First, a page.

Anatomy of a Fish: Internal & External

Instructor: Julie Zundel

Julie has taught high school Zoology, Biology, Physical Science and Chem Tech. She has a Bachelor of Science in Biology and a Master of Education.

While fish seem pretty simple, there's a bunch of vocabulary that goes along with them. Sigh. Don't worry! This lesson will help you learn all of the terms you need to understand the internal and external anatomy of a fish.

What Is A Fish?

Okay, you probably know what a fish is, right? I mean they are scaly little buggers that swim in the water, and some taste pretty good. What else is there to know? Well, for starters, there are nearly 28,000 species of fish and there is a lot of variation amongst them. For example, some are enormous, like the 40-foot whale shark. Others don't look like fish at all, like the hagfish.

The hagfish does not look much like a fish
hag fish image

Some like rivers, others prefer lakes, and some inhabit the oceans. While there are exceptions, most fish share the following characteristics and/or structures:

  • Are vertebrates (have a backbone)
  • Use gills instead of lungs
  • Have a brain, eyes, and a mouth
  • Have fins
  • Are ectotherms (cannot regulate their own body temperature)
  • Have a protective scale covering

Of course there are always a few exceptions to the rule (hagfish do not have vertebrae, lungfish have lungs, etc.). But you get the general idea.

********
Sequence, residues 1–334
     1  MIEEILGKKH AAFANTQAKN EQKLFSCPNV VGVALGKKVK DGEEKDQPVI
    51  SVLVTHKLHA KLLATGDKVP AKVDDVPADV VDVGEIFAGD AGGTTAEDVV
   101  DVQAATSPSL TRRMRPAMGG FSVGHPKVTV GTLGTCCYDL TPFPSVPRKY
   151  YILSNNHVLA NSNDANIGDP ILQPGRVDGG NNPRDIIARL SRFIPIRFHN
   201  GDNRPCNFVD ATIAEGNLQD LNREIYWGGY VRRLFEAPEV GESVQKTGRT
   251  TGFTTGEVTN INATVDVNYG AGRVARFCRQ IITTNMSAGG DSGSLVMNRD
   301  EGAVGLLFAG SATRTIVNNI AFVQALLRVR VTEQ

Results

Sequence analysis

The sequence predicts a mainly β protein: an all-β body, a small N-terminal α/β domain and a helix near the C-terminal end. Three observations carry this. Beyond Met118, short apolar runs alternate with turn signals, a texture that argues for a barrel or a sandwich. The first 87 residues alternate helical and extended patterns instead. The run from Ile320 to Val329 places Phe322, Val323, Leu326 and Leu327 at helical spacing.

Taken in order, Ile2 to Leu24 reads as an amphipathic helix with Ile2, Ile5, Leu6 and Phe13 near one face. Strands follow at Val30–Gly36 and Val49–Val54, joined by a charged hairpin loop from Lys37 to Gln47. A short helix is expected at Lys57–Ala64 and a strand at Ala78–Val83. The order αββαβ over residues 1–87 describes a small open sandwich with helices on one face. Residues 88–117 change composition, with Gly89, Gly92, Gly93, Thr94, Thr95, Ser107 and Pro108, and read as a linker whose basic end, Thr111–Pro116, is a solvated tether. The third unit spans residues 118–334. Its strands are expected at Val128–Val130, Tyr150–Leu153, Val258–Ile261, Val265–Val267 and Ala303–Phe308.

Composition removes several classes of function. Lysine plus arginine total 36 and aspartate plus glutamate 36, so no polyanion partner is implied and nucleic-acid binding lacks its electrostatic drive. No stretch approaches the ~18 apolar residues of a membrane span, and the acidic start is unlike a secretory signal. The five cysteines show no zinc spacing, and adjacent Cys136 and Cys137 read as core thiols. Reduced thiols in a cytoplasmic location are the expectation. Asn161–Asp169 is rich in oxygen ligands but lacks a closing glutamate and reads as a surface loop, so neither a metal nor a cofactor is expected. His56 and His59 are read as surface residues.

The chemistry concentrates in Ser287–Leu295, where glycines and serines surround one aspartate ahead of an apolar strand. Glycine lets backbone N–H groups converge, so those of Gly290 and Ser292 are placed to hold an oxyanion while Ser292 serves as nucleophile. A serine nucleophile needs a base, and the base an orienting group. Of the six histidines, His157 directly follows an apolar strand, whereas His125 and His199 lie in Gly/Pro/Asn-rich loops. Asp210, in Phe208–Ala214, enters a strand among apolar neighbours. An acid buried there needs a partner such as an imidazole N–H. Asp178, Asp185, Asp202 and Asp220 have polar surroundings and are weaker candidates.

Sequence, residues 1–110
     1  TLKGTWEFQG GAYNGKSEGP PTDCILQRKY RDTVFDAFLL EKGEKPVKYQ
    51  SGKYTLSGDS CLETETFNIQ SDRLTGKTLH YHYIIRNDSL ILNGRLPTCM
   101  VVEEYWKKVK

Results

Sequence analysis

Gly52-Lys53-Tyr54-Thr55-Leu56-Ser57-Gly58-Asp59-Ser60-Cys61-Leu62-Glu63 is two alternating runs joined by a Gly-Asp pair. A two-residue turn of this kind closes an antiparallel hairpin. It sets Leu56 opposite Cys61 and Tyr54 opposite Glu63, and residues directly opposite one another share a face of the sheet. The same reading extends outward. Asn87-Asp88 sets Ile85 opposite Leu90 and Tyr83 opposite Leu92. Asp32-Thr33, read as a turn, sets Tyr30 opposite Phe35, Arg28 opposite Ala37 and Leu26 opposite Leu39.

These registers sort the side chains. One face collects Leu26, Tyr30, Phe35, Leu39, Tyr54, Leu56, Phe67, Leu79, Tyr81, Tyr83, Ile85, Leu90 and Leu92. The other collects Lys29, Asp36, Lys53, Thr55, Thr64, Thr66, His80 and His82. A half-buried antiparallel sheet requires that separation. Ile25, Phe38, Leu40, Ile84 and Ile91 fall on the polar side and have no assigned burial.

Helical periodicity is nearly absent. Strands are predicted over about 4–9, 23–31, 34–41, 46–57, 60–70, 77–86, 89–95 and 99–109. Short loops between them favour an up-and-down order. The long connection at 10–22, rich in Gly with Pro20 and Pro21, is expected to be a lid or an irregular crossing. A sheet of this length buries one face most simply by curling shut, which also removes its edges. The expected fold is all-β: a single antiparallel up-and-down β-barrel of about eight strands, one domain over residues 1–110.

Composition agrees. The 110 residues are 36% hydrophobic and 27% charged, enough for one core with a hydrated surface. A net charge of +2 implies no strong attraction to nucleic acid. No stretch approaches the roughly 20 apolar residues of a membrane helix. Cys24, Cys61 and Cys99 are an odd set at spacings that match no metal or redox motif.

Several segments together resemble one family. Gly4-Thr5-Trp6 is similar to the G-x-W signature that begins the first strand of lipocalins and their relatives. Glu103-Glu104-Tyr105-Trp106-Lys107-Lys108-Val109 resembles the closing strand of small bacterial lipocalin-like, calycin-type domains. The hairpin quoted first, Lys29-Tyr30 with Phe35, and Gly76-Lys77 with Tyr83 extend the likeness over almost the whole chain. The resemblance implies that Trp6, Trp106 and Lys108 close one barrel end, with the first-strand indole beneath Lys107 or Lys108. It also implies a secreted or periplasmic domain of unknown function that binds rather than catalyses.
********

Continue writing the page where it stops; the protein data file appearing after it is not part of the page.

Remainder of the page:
External Anatomy

Now that you know what it takes to be a fish, let's take a tour of a fish's external, or outer, anatomy. Let's begin our fish tour at the front of the fish and work our way around.

External anatomy
fish image

Take a look at the fish in the image, which is a bony fish.

  • Let's start with number 1, which is a bony structure that covers the gills and aids in respiration (breathing) called the operculum.
  • The next structure is the lateral line (2), which like the name implies, is a line that follows the length of the fish. This sensory structure helps the fish detect movement or vibrations in the water. This assists in hunting, escaping, and moving in unison.

The lateral line helps fish swim in unison in a school
school of fish

  • The next stop on the tour is 3, or the dorsal fin, which is a fin on the backside (dorsal side) of the fish, which stabilizes and aids in turning. If you've ever seen the movie Jaws, the dorsal fin is the fin that pops out of the water as the shark approaches and you hear ominous music.
  • Number 4 is the adipose fin, which is seen in various families of fish (including salmon). It is located between the dorsal fin and the tail. Scientists once believed it was to store fat (adipose), hence the name. Now many scientists believe it helps with swim efficiency.
  • The next fin on our tour is the tail (5), or caudal fin (cauda is Latin for tail), and the fish uses it to propel itself.
  • Number 6 is the anal fin (which is located near the anus, hence the name). This fin helps keep the fish stable.
  • We are almost done with our external tour! Two more stops. The pelvic fins (7) are located closer to the front of the fish than the anal fin. These are paired fins that help keep the fish stable.
  • Finally, the paired pectoral fins (8) are towards the front, near the gills, and help stabilize and steer the fish.

Internal Anatomy

Now let's go over some of the internal anatomy of a fish.

Internal anatomy
image of fish insides

If you look at the image, you might become overwhelmed. Don't. We won't go over every single thing in painstaking detail.

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